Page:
When we’re passionate about something – like good health and nutritious food – it’s easy for those passions to override our common sense, and even our love for those closest to us. Over the past few years, I’ve learned that relationships are far more important than food, and that the value of a relationship far exceeds the nutritional value of the food I eat.
Let me say that again:
Relationships are far more important than food,
and the value of a relationship far exceeds the nutritional value of the food I eat.
Simply put: food is not worth arguing about with the people I love. The preservation of the relationships I treasure is of more importance to me than the food I – or anyone else – eats. In practical terms, this means:
- I don’t offer my opinion on food and health unless somebody asks for it. (This blog is the exception. This is where I come to spout off my opinion!)
- I eat where everybody else wants to eat, even if that means a fast food restaurant.
- I don’t ask about the ingredients or method of preparation of food when I eat at someone else’s house. (Exception: if my children are eating food someone else has prepared. They have food allergies, so it’s essential that I get nosy about the food someone wants to give them. If you have any kind of dietary concerns, you understand what I mean.)
- I don’t refuse food given to me simply based on the grounds of its nutritional value (or lack there0f).
- If the situation warrants (like a pot luck dinner, or a casual dinner), I bring a healthy dish to share, but I still eat the other food that is offered.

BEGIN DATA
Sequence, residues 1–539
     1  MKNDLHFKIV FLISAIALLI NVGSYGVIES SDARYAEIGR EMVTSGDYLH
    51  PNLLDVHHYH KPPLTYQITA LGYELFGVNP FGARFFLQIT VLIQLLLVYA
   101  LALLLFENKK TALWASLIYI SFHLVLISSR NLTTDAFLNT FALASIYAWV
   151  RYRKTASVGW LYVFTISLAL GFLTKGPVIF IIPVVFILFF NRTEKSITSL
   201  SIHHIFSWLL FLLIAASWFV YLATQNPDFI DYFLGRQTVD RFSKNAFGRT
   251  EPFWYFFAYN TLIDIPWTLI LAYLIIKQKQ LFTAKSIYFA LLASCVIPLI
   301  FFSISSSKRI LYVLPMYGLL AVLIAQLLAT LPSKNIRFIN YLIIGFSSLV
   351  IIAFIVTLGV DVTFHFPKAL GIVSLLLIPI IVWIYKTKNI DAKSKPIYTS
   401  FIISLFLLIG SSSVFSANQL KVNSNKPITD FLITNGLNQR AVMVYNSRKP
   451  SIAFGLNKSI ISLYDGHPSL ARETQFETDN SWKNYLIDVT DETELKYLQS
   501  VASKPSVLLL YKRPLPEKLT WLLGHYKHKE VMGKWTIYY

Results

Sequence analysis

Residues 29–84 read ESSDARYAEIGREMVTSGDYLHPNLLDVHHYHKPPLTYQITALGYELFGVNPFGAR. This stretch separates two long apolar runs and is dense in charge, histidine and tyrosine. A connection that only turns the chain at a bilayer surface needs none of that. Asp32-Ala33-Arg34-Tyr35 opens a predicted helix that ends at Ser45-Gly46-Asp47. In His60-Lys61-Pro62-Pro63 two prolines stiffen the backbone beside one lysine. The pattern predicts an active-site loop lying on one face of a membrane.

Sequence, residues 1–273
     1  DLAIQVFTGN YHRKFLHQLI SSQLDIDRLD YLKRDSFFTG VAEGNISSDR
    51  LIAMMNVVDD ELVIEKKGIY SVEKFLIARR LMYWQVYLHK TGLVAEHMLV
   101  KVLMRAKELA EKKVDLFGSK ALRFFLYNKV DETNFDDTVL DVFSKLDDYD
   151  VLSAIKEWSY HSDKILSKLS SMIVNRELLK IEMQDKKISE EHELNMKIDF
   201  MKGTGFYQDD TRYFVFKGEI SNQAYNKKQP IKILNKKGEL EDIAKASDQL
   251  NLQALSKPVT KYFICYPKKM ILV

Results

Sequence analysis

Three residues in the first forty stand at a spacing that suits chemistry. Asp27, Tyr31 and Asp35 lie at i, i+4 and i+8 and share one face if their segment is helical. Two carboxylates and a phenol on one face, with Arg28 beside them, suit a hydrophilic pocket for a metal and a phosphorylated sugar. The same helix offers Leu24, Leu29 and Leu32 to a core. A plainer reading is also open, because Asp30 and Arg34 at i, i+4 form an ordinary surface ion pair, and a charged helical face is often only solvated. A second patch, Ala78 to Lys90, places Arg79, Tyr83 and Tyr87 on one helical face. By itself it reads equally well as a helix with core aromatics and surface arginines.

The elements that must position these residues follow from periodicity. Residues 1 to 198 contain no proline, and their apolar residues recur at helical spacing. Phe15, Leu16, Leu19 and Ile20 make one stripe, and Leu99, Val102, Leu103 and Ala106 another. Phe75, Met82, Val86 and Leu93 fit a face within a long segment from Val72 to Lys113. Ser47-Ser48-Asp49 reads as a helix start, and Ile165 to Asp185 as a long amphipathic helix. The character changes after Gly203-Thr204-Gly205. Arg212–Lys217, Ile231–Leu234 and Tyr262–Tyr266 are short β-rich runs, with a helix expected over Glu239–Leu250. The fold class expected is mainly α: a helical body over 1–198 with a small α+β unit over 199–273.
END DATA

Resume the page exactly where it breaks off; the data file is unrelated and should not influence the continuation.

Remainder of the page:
- I occasionally buy special (and not particularly healthy) treats that my DH and children enjoy.
My DH and I have both grown since those early days of our marriage. I backed off on forcing him to change, and instead began to introduce small changes to our diet as he was receptive to them. He, in turn, relaxed and became more and more willing to try new and healthier foods. We’ve been married 6 years now, and our diet at home is at least 80% whole foods, and both of us are happy. He still gets to eat things like hot dogs and marshmallows sometimes, and I’ve completely given up on trying to get him to eat homemade yogurt, so he still eats sugar-laden store-bought stuff. But he’s also learned to enjoy healthier foods, too, like whole grain pasta… and even whole wheat bread! Yes, that argument has finally been put to rest.
And I’m happy to report that at his last check-up, his colon was completely free of inflammation! I can’t claim the credit for that; God is the one Who heals – or not – as He chooses. I also can’t forget that the condition could flare up any time, regardless of what he eats. But for now, we are both grateful that God created so many healthy and nourishing foods that are also delicious and enjoyable to eat!
Does your significant other balk at healthy food? How do you handle it?
Read the rest of The Real Truth About Real Food posts: